Then the southeast Texas Christian said, “The one who showed the man mercy, giving him aid.”

Jesus told him, “Go and do likewise.”

May we not compartmentalize any part of our heart or mind, allowing anger, assumption, condemnation, gossip, hate, insinuation, judging, lies, prejudice, presumption, pride, slander, resentment, and/or suspicion to live and rule there.

May we never forget the scandal and offensiveness of the cross, the heart of the gospel of our Lord and Savior, Jesus Christ.

May those of us who claim to know it best apply it to ourselves before we think of sharing it with others.

May we not blindly, unthinkingly imitate the ways of the world.

And may we ever love everyone Jesus does. No exceptions.

why Jesus? (1)


Why-Jesus-WillimonTomorrow marks the start of the fall Bible class quarter for adults at MoSt Church. This quarter is a “Christ quarter,” meaning we’ll spend at least two the quarter’s three months focused on some aspect of Jesus Christ.

Scripture, of course, will be our source of information as we consider the Christ, but in the class I lead (20/20) we’ll use William Willimon’s excellent book entitled Why Jesus? as an outline.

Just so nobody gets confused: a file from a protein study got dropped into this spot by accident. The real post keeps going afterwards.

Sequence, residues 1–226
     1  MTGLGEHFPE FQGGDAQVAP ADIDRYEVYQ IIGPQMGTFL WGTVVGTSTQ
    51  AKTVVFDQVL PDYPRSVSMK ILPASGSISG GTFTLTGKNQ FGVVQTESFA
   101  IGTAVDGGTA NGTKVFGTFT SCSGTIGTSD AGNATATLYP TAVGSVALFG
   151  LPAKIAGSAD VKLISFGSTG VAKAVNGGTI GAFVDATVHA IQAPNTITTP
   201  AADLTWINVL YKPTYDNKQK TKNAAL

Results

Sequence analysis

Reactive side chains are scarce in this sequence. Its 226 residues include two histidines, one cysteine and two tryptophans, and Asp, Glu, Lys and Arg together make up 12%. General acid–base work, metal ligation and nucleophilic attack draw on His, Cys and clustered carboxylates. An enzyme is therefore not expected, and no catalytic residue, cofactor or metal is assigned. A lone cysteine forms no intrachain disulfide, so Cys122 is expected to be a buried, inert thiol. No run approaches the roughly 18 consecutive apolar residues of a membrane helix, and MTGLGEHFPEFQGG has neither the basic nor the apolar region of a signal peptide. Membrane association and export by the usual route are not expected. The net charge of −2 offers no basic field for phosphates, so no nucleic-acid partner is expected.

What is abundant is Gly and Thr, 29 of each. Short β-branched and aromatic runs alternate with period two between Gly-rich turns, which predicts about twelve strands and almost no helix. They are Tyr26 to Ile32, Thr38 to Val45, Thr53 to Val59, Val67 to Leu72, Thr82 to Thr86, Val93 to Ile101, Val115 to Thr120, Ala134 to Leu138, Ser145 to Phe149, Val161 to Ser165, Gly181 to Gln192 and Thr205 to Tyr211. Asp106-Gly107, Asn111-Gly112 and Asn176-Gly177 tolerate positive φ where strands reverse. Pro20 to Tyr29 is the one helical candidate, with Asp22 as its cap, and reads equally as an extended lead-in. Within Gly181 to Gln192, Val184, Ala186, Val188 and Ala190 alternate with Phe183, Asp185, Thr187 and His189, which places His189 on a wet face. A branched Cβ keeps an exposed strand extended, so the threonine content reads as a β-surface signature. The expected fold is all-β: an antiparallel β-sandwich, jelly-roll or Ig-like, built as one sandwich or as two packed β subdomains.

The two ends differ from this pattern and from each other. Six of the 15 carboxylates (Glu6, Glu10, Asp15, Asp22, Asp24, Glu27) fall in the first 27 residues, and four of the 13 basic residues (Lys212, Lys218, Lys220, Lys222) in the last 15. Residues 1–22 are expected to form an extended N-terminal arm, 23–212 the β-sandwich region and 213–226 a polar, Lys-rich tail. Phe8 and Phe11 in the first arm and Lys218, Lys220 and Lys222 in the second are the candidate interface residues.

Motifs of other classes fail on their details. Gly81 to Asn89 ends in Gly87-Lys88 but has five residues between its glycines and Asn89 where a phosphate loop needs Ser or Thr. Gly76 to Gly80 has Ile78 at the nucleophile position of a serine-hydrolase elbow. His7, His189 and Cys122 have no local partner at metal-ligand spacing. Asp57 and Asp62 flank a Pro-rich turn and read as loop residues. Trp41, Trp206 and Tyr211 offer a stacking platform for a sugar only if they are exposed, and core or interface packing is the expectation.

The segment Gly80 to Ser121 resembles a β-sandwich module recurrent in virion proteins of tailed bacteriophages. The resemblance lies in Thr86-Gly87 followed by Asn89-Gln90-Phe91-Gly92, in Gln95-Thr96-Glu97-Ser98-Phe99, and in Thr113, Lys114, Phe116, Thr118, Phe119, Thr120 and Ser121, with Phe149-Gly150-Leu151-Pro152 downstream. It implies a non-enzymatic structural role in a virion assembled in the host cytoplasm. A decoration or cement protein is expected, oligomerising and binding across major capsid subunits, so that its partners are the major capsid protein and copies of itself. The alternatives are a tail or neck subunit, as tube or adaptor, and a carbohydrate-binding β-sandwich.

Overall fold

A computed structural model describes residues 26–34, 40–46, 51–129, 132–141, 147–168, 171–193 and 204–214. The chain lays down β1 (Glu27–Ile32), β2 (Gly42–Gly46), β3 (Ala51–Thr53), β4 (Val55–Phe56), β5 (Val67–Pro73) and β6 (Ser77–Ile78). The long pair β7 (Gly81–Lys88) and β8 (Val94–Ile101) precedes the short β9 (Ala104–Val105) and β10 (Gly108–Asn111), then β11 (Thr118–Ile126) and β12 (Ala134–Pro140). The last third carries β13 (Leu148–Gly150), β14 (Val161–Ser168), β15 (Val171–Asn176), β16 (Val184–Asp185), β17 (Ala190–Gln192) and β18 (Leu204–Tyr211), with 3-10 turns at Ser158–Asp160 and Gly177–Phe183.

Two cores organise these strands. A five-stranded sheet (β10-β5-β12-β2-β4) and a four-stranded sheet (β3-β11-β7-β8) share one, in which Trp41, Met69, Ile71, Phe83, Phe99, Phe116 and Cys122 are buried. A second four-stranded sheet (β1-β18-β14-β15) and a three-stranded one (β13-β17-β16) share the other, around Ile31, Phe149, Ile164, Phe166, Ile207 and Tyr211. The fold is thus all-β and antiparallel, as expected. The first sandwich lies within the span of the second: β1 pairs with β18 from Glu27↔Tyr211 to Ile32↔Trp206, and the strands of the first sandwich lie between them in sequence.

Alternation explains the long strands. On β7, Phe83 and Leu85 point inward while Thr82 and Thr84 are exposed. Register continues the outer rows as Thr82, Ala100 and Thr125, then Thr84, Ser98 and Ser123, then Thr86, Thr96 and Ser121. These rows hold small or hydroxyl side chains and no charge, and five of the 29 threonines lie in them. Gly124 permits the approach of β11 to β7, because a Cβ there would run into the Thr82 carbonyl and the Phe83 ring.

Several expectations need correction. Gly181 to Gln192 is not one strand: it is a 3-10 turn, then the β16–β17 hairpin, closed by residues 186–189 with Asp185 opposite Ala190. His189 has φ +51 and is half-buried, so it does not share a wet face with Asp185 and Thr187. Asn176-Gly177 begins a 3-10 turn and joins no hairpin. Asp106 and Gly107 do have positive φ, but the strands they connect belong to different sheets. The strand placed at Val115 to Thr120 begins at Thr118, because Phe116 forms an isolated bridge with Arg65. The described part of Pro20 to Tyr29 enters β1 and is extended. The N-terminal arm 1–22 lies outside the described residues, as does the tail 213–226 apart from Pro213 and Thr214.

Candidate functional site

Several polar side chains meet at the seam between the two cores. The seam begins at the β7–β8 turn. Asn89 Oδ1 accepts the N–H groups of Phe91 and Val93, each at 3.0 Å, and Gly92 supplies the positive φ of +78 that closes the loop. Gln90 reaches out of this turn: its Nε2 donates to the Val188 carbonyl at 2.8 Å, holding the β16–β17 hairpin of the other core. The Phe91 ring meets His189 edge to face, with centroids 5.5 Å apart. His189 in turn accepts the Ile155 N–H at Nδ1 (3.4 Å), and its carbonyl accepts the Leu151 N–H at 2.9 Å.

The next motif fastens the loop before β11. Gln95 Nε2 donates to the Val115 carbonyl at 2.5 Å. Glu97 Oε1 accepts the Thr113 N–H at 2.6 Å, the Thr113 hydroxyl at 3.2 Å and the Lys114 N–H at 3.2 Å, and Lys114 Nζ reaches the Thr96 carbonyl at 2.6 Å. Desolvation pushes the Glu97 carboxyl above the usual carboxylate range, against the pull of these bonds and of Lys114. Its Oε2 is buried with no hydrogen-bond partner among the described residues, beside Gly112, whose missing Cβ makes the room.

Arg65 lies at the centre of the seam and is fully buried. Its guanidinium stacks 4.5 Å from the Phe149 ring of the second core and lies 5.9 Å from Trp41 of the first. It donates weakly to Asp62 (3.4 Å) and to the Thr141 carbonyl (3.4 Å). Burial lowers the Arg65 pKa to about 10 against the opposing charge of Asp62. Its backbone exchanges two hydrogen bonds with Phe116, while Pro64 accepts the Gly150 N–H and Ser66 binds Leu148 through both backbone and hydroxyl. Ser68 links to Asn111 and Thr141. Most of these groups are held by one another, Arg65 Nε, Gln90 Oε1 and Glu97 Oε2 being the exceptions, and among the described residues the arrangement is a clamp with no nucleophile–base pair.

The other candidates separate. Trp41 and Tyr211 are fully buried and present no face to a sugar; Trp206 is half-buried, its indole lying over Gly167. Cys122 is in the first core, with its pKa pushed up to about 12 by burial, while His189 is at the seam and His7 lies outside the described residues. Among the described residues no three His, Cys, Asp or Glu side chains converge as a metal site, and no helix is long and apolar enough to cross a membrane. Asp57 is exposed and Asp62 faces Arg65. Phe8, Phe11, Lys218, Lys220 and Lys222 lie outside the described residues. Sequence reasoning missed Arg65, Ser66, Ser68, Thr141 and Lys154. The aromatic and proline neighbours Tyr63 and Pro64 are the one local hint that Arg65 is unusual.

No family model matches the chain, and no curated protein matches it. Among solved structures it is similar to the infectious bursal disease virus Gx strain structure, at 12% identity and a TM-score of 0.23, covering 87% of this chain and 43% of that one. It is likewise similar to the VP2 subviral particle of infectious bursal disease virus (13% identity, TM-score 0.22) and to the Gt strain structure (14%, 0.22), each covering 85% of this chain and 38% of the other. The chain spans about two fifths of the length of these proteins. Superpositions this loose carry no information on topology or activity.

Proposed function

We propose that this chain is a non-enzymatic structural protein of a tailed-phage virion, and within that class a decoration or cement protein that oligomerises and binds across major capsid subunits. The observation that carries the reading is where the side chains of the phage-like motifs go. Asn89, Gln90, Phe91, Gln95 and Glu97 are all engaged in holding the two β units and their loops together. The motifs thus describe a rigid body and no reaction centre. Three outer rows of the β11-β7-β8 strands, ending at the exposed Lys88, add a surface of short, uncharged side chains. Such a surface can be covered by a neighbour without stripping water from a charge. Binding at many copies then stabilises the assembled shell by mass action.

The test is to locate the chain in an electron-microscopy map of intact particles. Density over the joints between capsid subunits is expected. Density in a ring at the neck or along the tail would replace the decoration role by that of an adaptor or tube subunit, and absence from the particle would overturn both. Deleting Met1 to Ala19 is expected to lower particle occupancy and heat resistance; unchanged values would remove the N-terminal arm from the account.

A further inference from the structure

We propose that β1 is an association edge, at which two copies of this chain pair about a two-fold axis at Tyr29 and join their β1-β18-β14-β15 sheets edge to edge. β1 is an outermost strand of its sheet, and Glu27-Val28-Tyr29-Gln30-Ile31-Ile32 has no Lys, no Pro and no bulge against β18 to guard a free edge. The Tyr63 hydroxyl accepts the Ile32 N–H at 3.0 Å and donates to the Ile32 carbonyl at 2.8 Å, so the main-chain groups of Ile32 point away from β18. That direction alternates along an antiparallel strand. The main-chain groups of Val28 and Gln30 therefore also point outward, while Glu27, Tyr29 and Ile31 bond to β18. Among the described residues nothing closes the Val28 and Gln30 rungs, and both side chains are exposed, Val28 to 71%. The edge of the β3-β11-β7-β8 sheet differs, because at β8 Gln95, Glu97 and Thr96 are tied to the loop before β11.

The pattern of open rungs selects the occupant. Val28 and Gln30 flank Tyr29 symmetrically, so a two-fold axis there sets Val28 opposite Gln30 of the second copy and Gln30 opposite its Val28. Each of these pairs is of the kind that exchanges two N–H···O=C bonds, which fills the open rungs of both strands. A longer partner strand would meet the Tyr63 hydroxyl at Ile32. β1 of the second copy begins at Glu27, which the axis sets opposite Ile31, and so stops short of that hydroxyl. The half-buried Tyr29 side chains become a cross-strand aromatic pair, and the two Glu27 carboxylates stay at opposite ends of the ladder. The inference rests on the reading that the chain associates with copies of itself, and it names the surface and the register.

Since about the only thing significant missing from Willimon’s study is a set of discussion questions for each chapter, as I can I’ll reproduce a class intro and discussion questions here each Saturday during the course of our class journey. The following is for chapter one (which is entitled “Vagabond”).


The question through the ages has been “What is God like?” The four Gospels seem to say that God has answered that question thus: “Hear, watch, imitate, and serve my wandering Son, Jesus, and you’ll know.”

We can use the word “wandering” because the four Gospels read not unlike something of a travel log or the journal of a road trip. They speak to us of a Jesus who was/is ever on the move.

Jesus bursts on the scene in Matthew’s Gospel as a traveling king, the roads he travels having been recently leveled and smoothed for his journey by his forerunner, John (Matt. 3.1-17).

In Mark’s Gospel, Jesus comes out of nowhere. He hits the ground running. He is ever and always a man of action (cf. the word “immediately” appears 42x in Mark).

One long journey by Jesus to Jerusalem compromises the bulk of Luke’s Gospel (Luke 9.51-19.44) and it’s a journey studded not so much with definitions, explanations, and arguments of God and his way, but with stories of life along the way with Jesus.

And in John’s Gospel he shows up as another world’s “Word” that enters our world and moves from place to place leaving signs and speech along the way of a totally different perspective of what constitutes real living.